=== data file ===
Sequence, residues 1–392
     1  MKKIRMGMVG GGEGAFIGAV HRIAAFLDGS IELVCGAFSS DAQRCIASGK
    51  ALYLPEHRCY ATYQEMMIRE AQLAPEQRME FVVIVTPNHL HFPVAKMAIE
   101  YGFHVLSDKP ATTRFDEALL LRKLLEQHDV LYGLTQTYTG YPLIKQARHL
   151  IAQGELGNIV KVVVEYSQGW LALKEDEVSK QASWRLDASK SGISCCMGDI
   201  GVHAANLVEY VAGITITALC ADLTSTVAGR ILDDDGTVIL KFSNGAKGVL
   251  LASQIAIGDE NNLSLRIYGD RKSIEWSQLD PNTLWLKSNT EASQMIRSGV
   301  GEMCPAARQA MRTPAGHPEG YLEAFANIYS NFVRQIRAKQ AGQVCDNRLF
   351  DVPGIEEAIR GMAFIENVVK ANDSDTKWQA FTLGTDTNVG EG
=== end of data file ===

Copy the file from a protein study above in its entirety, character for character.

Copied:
Sequence, residues 1–392
     1  MKKIRMGMVG GGEGAFIGAV HRIAAFLDGS IELVCGAFSS DAQRCIASGK
    51  ALYLPEHRCY ATYQEMMIRE AQLAPEQRME FVVIVTPNHL HFPVAKMAIE
   101  YGFHVLSDKP ATTRFDEALL LRKLLEQHDV LYGLTQTYTG YPLIKQARHL
   151  IAQGELGNIV KVVVEYSQGW LALKEDEVSK QASWRLDASK SGISCCMGDI
   201  GVHAANLVEY VAGITITALC ADLTSTVAGR ILDDDGTVIL KFSNGAKGVL
   251  LASQIAIGDE NNLSLRIYGD RKSIEWSQLD PNTLWLKSNT EASQMIRSGV
   301  GEMCPAARQA MRTPAGHPEG YLEAFANIYS NFVRQIRAKQ AGQVCDNRLF
   351  DVPGIEEAIR GMAFIENVVK ANDSDTKWQA FTLGTDTNVG EG